Thursday, April 8, 2010

The Ragman... the Rest of the Story

I know it's been one depressing post after another, but since this blog is an outlet for my angst, frustration, and discouragement... well, here comes another one.

I was really looking forward to Easter, the greatest day of the Christian year. The one day where we really should drink champagne for breakfast and party late into the night-- He is risen, death is conquered, we have hope! Of course, I wasn't expecting hors d'oeuvres at church or anything, but I was hoping to have a time of celebration and unmitigated joy.

What we got was one rather depressing, emotional show. And I was part of it, so I don't feel bad criticizing it. We emphasized Christ's suffering and gave the resurrection only passing note. We presented a dramatized version of "The Ragman" (if you are not familiar with it, you can read one version here). Now, I will say that story is helpful in understanding just what it means for Christ to take our sins upon himself and to be a substitutionary sacrifice. But the story is misleading in many ways. First, it makes it seem as if Jesus' healing is physical, tangible, and instantaneous. The woman stops crying, the girl stops bleeding, the man gets a new arm and goes to work. Forgiveness of sin and the regeneration of one's spirit is instantaneous, but nowhere does the gospel promise immediate healing of all your ailments and troubles. Just because we are healed and whole in our spirit does not mean we will be healed and whole physically, emotionally, or mentally.

The second problem is that it seems to insinuate that after Jesus heals you, you launch out on a new life that will be free from those old problems and pain. No more tears, no more suffering, no more tribulation--hasn't he taken that all upon Himself? What a misleading thing to tell a person about Christ. What will they cling to when 2, 5, 15, 50 years down the road their world falls completely apart? When their body decays, their marriage fails, they lose their job and their house, a child rebels, and so forth? Where is the Rag Man then, to take on their pain and exchange it for joy?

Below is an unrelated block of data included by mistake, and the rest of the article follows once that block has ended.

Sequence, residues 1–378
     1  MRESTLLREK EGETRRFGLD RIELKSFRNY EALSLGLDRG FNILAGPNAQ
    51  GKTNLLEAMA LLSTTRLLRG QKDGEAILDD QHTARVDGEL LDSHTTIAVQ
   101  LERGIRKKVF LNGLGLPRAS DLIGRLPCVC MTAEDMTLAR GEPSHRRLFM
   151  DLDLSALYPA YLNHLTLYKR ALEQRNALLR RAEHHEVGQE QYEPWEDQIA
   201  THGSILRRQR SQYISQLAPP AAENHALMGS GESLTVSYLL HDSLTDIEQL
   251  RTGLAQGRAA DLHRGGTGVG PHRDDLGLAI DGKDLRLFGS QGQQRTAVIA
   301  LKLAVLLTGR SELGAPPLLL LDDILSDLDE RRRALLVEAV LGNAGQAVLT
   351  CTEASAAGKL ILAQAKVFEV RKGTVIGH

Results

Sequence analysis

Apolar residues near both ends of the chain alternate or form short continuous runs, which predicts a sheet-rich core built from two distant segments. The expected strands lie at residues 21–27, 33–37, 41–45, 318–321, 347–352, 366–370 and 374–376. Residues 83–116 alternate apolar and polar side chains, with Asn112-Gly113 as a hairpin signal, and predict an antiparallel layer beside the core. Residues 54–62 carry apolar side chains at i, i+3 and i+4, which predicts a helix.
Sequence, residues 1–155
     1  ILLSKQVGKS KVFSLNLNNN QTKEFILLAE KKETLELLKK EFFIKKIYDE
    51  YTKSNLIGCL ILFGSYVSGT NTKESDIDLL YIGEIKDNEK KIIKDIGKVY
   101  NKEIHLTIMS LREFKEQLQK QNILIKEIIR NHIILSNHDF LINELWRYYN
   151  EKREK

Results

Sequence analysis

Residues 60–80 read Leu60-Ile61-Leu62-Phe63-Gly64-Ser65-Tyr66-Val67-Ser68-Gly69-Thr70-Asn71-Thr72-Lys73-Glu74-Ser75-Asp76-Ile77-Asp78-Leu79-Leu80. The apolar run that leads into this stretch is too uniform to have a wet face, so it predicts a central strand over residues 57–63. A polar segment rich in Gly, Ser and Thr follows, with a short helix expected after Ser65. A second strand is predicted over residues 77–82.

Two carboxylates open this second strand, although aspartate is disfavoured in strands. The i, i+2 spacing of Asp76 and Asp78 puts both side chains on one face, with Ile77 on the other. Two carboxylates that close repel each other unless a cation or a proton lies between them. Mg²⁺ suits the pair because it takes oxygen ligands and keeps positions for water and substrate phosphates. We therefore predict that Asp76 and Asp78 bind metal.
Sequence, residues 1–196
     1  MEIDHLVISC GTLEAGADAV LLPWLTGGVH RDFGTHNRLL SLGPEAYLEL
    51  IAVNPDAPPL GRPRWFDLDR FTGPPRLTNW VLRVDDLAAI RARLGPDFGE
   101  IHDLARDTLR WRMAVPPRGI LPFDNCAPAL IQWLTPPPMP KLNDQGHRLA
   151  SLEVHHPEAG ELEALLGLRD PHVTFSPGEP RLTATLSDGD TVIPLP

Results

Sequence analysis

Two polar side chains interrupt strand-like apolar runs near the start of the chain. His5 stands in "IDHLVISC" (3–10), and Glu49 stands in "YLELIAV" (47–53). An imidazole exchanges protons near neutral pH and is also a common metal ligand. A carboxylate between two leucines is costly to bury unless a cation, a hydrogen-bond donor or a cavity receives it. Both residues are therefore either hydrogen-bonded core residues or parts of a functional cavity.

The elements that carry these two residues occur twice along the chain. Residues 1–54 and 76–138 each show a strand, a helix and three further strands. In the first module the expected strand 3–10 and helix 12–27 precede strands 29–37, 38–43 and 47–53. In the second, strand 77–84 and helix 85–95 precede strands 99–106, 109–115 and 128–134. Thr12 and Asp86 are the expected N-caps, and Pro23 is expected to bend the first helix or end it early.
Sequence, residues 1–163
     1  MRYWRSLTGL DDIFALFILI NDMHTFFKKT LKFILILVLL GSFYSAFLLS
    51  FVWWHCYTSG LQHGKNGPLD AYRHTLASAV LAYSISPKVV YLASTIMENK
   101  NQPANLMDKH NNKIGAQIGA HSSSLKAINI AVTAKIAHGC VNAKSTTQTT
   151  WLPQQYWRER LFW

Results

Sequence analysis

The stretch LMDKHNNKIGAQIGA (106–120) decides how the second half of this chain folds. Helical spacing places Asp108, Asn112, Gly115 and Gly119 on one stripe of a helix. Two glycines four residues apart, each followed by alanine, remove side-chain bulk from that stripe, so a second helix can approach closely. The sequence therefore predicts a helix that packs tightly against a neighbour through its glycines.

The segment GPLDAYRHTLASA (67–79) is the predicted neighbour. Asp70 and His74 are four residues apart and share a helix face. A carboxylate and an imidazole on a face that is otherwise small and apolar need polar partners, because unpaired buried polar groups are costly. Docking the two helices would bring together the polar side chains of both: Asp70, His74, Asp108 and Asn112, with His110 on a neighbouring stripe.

The crucifixion and the resurrection was a one-time, once-for-all event, but the gospel is something we need continuously, every day, every minute, with every breath. In this moment, His grace is sufficient for me. In this moment, my sins need cleansing and my mind renewing. In this moment, He may not heal me or take away my tears, but because I believe the gospel, I have hope that He is somehow working out all these things for His glory, my good, and for the future redemption of all creation.

So I propose we add "The Rest of the Story" to the Rag Man. Perhaps the woman continues to cry because of unexplained depression that won't go away, but the Rag Man comes and sits with her while she weeps. Perhaps the little girl, whose bandaged head has been healed, now gets shuffled from foster home to foster home, and sometime in her teens the Rag Man comes back to visit her. She remembers him from her childhood and decides to get to know him better. The man who regains his arm has a hard time finding a job, and after a few years working in a factory, he is diagnosed with cancer. The Rag Man comes and sits with him in the hospital room until he breathes his last. I don't know. I'm just too cynical to get the warm fuzzies with the original story. Give me a glimpse of the hope I can have in the midst of my pain. Show me a slice of real life, of real struggles that we cry out for Jesus to heal but He doesn't seem to.

This is the hope of Easter--Jesus is King and His Kingdom is here and is coming. "Strength for today and bright hope for tomorrow."